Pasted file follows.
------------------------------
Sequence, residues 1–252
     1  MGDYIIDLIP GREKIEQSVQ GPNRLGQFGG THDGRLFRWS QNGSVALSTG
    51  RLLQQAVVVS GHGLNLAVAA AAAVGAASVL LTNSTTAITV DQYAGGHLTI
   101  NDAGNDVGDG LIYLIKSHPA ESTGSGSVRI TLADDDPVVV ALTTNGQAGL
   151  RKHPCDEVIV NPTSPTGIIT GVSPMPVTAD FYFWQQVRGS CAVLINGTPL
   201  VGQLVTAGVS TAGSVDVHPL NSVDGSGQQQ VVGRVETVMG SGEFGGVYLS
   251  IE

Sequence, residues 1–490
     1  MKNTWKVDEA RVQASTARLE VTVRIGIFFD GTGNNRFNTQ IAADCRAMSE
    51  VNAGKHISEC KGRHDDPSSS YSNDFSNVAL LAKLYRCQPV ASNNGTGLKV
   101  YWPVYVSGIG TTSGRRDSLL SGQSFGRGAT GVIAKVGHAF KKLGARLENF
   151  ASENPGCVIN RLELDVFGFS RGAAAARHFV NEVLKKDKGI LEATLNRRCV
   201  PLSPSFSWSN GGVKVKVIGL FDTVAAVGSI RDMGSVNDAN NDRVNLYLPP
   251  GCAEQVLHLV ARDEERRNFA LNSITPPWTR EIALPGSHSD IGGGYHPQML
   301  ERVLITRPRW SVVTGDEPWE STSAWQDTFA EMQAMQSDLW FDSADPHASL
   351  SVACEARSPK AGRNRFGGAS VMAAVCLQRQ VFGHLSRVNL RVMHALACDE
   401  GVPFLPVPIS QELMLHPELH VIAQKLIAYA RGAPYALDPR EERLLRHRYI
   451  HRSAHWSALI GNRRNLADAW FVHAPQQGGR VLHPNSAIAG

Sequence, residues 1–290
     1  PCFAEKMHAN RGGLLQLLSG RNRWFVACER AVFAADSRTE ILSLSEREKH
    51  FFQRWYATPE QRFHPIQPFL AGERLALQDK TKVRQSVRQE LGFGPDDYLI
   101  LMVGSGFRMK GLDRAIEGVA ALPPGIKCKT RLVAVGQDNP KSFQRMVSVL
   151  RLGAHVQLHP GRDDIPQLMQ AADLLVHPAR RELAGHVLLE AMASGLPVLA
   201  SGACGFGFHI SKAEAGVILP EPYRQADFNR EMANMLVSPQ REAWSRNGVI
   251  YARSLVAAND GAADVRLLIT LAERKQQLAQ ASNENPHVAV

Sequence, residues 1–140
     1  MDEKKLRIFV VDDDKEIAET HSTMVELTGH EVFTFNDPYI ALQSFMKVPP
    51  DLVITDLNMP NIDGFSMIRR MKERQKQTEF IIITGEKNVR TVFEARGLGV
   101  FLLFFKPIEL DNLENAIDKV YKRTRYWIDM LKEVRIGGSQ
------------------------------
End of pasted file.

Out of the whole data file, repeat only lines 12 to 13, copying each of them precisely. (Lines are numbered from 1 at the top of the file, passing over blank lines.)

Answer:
   151  ASENPGCVIN RLELDVFGFS RGAAAARHFV NEVLKKDKGI LEATLNRRCV
   201  PLSPSFSWSN GGVKVKVIGL FDTVAAVGSI RDMGSVNDAN NDRVNLYLPP